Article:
Much as been written that the first two Democrat primaries did not reflect America. Basically, the voters were too white – not enough diversity. The Nevada primary was said to be more diverse – more representative of the nation. Still, its 8 percent black population is lower than the national average of 14 percent.
A number of television pundits suggested that South Carolina would be the best representative of diversity. Apparently, they were not doing the math. In the South Carolina Democrat primary, approximately 66 percent of the registered voters are black – and they were 61 percent of the vote. That is almost five times above the national average.
It can be argued that South Carolina was the best indicator of support in the black community, but it cannot be extrapolated over the American population – not even the demographics of the general Democrat voters in America. None of the Super Tuesday primaries will match the black vote of South Carolina. Only Alabama and Georgia come close.
Winning the South Carolina primary was a political lifesaver for former Vice President Joe Biden, but it may not be predictive of his chances in the 14 states (plus American Samoa) that go to the polls on Super Tuesday – and beyond that.
Biden did well among African American voters in the Palmetto State, but he was fortunate to have had the black candidates – New Jersey Senator Cory Booker and California Senator Kamala Harris – drop out earlier. The black voters of South Carolina did not have a brother or sister on the ballot to draw their support. They had to pick from the field of white candidates.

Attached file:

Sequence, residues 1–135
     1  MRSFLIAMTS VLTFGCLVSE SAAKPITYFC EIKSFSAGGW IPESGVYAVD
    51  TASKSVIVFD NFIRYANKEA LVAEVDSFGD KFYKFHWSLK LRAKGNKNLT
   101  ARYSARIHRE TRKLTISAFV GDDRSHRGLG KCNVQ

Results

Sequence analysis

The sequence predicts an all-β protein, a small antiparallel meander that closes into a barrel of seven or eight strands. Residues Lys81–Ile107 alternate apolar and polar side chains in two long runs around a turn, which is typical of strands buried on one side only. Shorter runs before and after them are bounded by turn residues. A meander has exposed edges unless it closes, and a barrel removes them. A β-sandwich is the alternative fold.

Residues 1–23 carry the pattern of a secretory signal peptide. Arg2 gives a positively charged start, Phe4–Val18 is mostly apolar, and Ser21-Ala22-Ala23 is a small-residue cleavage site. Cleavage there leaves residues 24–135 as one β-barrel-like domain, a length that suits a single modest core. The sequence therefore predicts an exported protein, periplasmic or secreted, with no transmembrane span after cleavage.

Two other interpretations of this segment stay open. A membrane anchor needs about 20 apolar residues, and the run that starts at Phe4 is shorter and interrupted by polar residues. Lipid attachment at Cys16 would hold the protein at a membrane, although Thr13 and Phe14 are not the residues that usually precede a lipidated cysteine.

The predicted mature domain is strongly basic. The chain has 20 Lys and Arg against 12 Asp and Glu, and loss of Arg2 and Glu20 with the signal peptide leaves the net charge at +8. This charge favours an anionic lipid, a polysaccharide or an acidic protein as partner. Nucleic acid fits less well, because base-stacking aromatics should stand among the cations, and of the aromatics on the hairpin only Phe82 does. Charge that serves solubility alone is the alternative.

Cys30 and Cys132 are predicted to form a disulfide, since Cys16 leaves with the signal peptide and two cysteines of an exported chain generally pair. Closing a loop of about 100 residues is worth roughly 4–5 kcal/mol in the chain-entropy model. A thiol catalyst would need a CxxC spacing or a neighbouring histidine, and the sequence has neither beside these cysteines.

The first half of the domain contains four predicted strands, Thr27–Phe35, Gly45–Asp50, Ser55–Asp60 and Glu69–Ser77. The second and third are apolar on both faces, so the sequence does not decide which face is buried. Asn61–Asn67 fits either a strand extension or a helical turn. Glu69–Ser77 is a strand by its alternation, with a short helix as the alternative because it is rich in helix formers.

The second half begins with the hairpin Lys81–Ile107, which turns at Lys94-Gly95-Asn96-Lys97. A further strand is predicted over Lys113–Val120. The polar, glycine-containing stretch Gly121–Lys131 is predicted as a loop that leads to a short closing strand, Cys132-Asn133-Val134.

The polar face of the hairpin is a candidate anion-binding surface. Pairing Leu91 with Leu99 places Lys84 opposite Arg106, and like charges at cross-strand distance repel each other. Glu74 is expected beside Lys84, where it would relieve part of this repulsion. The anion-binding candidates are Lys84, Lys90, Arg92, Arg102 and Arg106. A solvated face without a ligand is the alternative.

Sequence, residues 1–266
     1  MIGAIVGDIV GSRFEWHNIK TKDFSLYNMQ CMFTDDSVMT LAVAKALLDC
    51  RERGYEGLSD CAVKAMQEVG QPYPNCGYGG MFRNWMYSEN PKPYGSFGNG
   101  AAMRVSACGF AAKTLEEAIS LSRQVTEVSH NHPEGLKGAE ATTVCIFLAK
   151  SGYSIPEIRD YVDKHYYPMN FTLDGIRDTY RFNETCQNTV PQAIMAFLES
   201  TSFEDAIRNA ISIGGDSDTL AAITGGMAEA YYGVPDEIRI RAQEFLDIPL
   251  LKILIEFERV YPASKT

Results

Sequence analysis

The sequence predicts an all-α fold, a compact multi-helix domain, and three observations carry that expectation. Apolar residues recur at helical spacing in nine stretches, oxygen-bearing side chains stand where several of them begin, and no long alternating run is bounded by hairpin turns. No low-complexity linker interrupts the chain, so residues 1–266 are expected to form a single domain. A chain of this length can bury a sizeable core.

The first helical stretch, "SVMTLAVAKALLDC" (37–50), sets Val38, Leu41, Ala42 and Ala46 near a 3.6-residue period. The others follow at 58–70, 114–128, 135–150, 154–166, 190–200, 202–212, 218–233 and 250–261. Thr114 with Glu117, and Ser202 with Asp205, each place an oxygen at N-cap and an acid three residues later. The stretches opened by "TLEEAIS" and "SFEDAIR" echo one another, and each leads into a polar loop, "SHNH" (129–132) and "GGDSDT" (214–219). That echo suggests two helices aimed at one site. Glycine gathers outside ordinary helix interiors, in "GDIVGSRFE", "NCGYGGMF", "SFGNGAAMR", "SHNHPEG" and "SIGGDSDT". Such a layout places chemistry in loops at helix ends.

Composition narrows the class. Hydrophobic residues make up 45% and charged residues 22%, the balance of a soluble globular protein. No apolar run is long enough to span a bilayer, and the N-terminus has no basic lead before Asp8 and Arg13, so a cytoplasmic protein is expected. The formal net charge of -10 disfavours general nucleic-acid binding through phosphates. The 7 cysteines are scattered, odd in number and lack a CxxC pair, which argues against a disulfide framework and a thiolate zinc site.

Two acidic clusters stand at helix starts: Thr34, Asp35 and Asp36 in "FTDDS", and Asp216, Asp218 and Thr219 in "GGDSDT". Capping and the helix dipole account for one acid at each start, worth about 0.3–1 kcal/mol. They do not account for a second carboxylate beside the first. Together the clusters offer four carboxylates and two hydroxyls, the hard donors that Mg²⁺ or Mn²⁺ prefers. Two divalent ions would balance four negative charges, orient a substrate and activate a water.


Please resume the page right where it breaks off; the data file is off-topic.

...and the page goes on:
Of course, that will be the case in the future. But Biden’s popularity among black South Carolinians may not, itself, be an indicator of how he does in future primaries in which there are a significant number of black voters.
Southern black voters tend to be a bit more moderate and less racially bound than their northern counterparts. Some see it as the recognized difference between Afro-centric blacks and those commonly referred to as “Island Blacks” – who identify more with the Caribbean than Central Africa. This significant cultural difference is often overlooked or ignored by political analysts who see the black community as one giant monolithic cultural group.
The Afro-centric community is more likely to lean to the expansive welfare policies of the Bernie Sanders/Elizabeth Warren wing of the Democratic Party. If that is true, it will be seen more in the California, Massachusetts and Minnesota primaries on Super Tuesday – and subsequently in states like Illinois, Michigan and New York. And it may result in less support for Biden than he received from the black community in South Carolina.
On the other hand, Sanders’ still has a problem of attracting a significant number of black Democrat voters in upcoming primaries to maintain an insurmountable lead in the presidential race. That makes the prospect of a brokered convention a lot more likely.
So, there ‘tis.
Article By Larry Horist